News Risk Management27 Jun 2018

Most boards not confident their organisations learn from past cyber mistakes-WTW

27 Jun 2018

The majority of executives around the world feel their organisations can do better when it comes to learning from their past cyber mistakes, according to the results of a newly released global survey conducted by The Economist Intelligence Unit (EIU) and Willis Towers Watson.

The EIU surveyed over 450 companies worldwide about their strategies and the challenges they face in building cyber resilient organisations.  While most organisations regard themselves as doing a good job on incident response, only 13% said their organisations were above average in incorporating learnings from cyber incidents into resilience strategies.          

The survey found little consensus among boards and executives on cyber resiliency planning, including the deployment of strategies across the organisation, where to allocate funds, and what areas of the organisation are most at risk.

The split in cyber preparedness was also apparent across geographies, as North American companies contrast strongly with their peers in Asia and, to some extent, the EU on issues such as expectations for frequency and impact of cyber-attacks, and confidence in their ability to recover from a breach.

Interestingly, of the four regions surveyed (North America, UK, Europe and Asia), the UK had the highest rate of perceived cyber resiliency at 21%.            

Some other key findings of the report include:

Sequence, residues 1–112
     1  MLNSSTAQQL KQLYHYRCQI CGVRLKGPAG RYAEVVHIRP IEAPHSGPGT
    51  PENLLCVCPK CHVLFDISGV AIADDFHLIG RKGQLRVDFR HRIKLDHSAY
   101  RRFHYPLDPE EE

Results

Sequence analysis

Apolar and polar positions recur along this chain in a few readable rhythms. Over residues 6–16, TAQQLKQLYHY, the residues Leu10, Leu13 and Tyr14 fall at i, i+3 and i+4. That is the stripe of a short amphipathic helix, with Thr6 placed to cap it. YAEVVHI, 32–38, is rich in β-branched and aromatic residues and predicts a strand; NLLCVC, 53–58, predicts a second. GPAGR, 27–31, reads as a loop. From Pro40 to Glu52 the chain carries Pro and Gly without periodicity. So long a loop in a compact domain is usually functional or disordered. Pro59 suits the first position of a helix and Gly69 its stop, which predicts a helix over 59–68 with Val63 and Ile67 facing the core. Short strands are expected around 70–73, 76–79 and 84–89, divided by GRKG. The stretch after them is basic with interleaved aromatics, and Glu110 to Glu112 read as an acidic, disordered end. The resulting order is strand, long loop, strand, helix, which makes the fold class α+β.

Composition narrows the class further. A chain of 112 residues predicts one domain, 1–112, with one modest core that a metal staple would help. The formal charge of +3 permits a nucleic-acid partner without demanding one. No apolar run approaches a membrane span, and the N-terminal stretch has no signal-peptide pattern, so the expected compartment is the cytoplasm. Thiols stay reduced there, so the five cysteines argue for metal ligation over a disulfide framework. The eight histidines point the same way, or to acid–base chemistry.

• The average corporate cyber resilience spend was about 1.7% of revenue, and 96%of board members believe that isn’t enough
  • North America spent the highest on cyber-resilience as a percent of revenue (2-3%), whereas the other regions spent between 1-2% or less
  • UK (41%) and North American (40%) firms were attacked far greater than those in other regions.
  • Far more North American firms (45%) also expressed confidence in their capabilities to repair the damage and proceed with business as usual compared to Asia which comes in at the lowest (21%)
  • Asia had the fewest (17%) companies with director-level cyber expertise, and even fewer (9%) saw the need to bring cyber expertise on their boards.
  • Among executives, there is little consensus on how to allocate cyber budgets – but very close responses were given between “technology to harden cyber-defenses” and “IT talent acquisition, skills training/development” 
  • Three out of the four regions believe that the “board as a whole” should oversee cyber risk, while Europe disagreed saying it should be a dedicated cyber group.

“It’s important for companies to understand that achieving cyber resiliency is a company-wide imperative, one that shouldn’t be sequestered to certain roles or functions,” says Anthony Dagostino, global head of cyber risk with Willis Towers Watson. “Boards should emphasise the need for a strategic framework, and the C-Suite should set the tone within their organisations by empowering stakeholders, such as IT, Risk, HR, legal and compliance to drive an integrated risk management and resiliency strategy.

“While technology will remain a crucial defense, more than half of cyber incidents are attributable to employee behavior and talent deficits in cybersecurity roles, so investing in other areas such as human capital solutions and cyber insurance have to become part of regular board and C-Suite conversations.” 

The 452 companies surveyed range in size from $100m in annual revenue to more than $25bn. 150 of the companies are in North America (the US and Canada), 150 in Asia (75 each in Tokyo and Singapore) and a third in Europe (100 in the UK and 52 spread across France, Spain, Italy, Germany and the Netherlands). Respondents are widely distributed across industries: manufacturing and technology (12% each), retail and construction/real estate (10% each) and financial services (9%) are the largest sectors.

The survey report can be found here.

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